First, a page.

Meridian G61 THX Surround EX Ultra2-Certified Surround Pre/Pro & G55 Five-Channel Amplifier

It starts with the box. These components are packaged in boxes that appear to be built with greater precision and care than most of the mainstream home theater electronics you're likely to encounter. A miniature homeless person's mansion, I imagined, lifting these two solid jewels from their form fitting enclosures.

Both the G61 and G55 are in Meridian's lower priced (for them) G-Series line. Nevertheless, these are high performance, audiophile quality products. Their handsome exteriors, available in either black or brushed aluminum, are built to fortress-like standards, standards not seen in the more familiar world of flimsy, sheet metal chassis and cardboardy covers that flex when you look at them funny. I didn't take either unit apart, but I have seen the innards of other Meridian products, so I believe it's safe to say that the interior build quality here matches that of the outer façades.

The THX Ultra2-certified G61 ($5,495) is unique in that, unlike virtually every preamp/processor you're likely to encounter, it doesn't incorporate video switching. Some manufacturers offer means by which noisy, audio polluting, video circuitry can be shut off when not in use. For this high performance audio product, Meridian chose to omit video altogether in order to maximize audio performance even when you're watching video.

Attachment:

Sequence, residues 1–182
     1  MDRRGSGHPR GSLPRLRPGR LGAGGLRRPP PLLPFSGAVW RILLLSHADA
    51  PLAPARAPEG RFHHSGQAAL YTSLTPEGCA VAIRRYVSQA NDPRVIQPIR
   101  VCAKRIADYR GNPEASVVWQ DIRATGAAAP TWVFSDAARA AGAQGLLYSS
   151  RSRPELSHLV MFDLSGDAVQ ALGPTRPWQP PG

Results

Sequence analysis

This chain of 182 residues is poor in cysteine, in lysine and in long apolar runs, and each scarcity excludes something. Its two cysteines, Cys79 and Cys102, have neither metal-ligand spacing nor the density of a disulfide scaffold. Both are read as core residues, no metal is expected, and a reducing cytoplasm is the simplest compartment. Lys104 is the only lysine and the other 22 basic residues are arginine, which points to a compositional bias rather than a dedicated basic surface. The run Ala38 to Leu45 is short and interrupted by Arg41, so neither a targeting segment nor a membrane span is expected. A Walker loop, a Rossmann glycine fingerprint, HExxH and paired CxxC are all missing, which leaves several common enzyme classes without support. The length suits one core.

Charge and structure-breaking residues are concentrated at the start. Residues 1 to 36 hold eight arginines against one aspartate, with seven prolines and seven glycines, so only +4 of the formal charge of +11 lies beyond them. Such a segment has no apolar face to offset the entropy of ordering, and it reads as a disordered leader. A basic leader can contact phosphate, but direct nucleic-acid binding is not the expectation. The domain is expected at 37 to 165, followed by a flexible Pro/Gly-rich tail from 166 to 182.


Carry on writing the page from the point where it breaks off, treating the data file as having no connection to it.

The G55 ($5,385) is an unusually flexible five-channel power amplifier rated at 100-watts into 8 ohms, 160-watts into 4 ohms, and 300-watts in paired bridged mode. It's fully balanced and offers passive bi-wiring facilities on all five channels, with bi-amping also possible. Utilizing a pair of G55s would allow you to bridge pairs of amplifiers to produce 300-watts for each the L/C/R channels across the front, while leaving four 100-watt amplifiers for surround and/or rear surrounds. Meridian supplied a single G55, limiting the review system to 5.1 channels.

More On the G61